as i sat there the compressor rand and ran.. the seat definitely pumped up in 1/2 a second after pressing the valve button.. so I surmise my tank was probably pressurized way above normal but not enough to blow the pop-off.. or maybe it was frozen too...

I added coolant and limped it the 5 mile drive home.. and then shut it off.. I opened the coolant lid.. again it was not hot.. the tmep gauge stayed below 180 the whole time.. my heaters were warm so I was circulating...

of course i released a lot of pressure when I opened the lid.. I then closed that lid up and went in the house..

today it went up to 33 degrees.. before I started the bus I opened the coolant lid and wow lots of air pressure came out.. the hoses were hard a a rock even though the bus was cold..

of course my air tank was empty.. the drain valve yielded only a small pressure and a little watery oil... a drop or 2..

started the bus.. compressor ran for about 2 minutes and then kicked off like it normally does...

guess what no coolant issues.. after releasingthe initial pressure before i started it the hoses didnt get hard again and I didnt blow any coolant out...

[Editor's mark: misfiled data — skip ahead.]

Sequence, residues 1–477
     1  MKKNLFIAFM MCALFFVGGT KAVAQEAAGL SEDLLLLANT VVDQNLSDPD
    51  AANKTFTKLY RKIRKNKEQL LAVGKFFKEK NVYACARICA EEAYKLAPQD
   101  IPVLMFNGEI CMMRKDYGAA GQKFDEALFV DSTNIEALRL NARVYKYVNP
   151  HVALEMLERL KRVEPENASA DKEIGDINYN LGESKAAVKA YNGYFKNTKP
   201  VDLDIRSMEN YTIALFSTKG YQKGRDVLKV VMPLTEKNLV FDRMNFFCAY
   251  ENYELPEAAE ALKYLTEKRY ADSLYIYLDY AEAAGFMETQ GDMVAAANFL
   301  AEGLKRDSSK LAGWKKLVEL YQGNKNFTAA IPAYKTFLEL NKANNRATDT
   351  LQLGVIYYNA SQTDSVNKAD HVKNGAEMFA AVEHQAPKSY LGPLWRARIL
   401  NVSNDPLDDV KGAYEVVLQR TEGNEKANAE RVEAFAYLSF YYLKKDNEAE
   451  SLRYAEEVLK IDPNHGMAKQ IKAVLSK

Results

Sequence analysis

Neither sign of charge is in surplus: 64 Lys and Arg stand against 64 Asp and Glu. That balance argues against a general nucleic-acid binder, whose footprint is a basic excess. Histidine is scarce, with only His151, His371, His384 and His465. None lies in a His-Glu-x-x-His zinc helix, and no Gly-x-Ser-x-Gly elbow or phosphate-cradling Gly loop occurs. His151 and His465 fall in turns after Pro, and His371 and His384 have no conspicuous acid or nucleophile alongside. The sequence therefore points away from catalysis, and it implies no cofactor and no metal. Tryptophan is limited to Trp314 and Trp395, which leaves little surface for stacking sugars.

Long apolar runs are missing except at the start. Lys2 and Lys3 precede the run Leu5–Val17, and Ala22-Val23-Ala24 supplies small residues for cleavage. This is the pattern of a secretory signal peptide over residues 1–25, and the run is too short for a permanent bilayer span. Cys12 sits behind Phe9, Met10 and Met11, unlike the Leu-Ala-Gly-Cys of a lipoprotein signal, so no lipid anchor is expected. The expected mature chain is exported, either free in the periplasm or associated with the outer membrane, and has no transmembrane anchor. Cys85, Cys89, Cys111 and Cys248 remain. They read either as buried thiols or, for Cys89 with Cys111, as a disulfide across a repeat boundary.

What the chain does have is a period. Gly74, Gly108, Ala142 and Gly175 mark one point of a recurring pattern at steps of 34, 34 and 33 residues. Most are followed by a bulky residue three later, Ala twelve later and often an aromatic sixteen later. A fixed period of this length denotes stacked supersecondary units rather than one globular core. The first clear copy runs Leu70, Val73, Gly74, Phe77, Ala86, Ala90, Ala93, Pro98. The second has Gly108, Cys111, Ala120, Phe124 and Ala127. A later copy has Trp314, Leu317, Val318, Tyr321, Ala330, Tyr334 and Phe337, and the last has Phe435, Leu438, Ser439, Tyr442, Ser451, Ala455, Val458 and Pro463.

I surmise that perhapos my bendix compressor has a slight crack in its head allowing air to get in the coolant only when it is over-pressurizing itself due to the lines likely being frozen in the way cold weather..

this was a houston bus so I doubt it ever saw 3 degrees outside for extended periods..

anyone ever heard of this? when I talked to the guy at bendix he said its entirely possible.. and to test I could remove the coolant lines from the head, connect them together, and then connect the coolant ports on the head to a pressure gauge and then run it..

he also said I should install an air dryer which has a heater and takes out moisture before it hits the tank rather than the auto expell valve which freezes and tricks the governor into thinking the system needs air...

interesting things I learn from these busses..

-Christopher